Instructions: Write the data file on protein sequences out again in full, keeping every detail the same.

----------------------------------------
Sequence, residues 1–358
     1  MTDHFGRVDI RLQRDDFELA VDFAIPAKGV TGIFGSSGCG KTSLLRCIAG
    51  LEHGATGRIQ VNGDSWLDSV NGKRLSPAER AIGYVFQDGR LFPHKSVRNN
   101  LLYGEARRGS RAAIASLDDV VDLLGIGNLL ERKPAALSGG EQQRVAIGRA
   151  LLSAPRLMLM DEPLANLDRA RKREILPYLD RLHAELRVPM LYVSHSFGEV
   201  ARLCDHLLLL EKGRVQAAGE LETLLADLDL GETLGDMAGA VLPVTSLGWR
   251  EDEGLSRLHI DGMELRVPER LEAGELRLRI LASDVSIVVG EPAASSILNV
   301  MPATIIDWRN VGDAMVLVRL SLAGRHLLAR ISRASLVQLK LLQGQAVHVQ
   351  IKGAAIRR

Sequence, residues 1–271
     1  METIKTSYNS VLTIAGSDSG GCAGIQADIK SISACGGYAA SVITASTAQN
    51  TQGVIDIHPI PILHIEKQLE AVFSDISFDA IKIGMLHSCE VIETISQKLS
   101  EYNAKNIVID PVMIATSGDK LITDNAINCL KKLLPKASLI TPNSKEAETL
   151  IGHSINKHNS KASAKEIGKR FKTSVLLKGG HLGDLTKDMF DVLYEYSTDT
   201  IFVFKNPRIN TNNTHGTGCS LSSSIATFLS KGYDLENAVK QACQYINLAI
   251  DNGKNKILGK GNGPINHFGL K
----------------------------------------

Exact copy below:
Sequence, residues 1–358
     1  MTDHFGRVDI RLQRDDFELA VDFAIPAKGV TGIFGSSGCG KTSLLRCIAG
    51  LEHGATGRIQ VNGDSWLDSV NGKRLSPAER AIGYVFQDGR LFPHKSVRNN
   101  LLYGEARRGS RAAIASLDDV VDLLGIGNLL ERKPAALSGG EQQRVAIGRA
   151  LLSAPRLMLM DEPLANLDRA RKREILPYLD RLHAELRVPM LYVSHSFGEV
   201  ARLCDHLLLL EKGRVQAAGE LETLLADLDL GETLGDMAGA VLPVTSLGWR
   251  EDEGLSRLHI DGMELRVPER LEAGELRLRI LASDVSIVVG EPAASSILNV
   301  MPATIIDWRN VGDAMVLVRL SLAGRHLLAR ISRASLVQLK LLQGQAVHVQ
   351  IKGAAIRR

Sequence, residues 1–271
     1  METIKTSYNS VLTIAGSDSG GCAGIQADIK SISACGGYAA SVITASTAQN
    51  TQGVIDIHPI PILHIEKQLE AVFSDISFDA IKIGMLHSCE VIETISQKLS
   101  EYNAKNIVID PVMIATSGDK LITDNAINCL KKLLPKASLI TPNSKEAETL
   151  IGHSINKHNS KASAKEIGKR FKTSVLLKGG HLGDLTKDMF DVLYEYSTDT
   201  IFVFKNPRIN TNNTHGTGCS LSSSIATFLS KGYDLENAVK QACQYINLAI
   251  DNGKNKILGK GNGPINHFGL K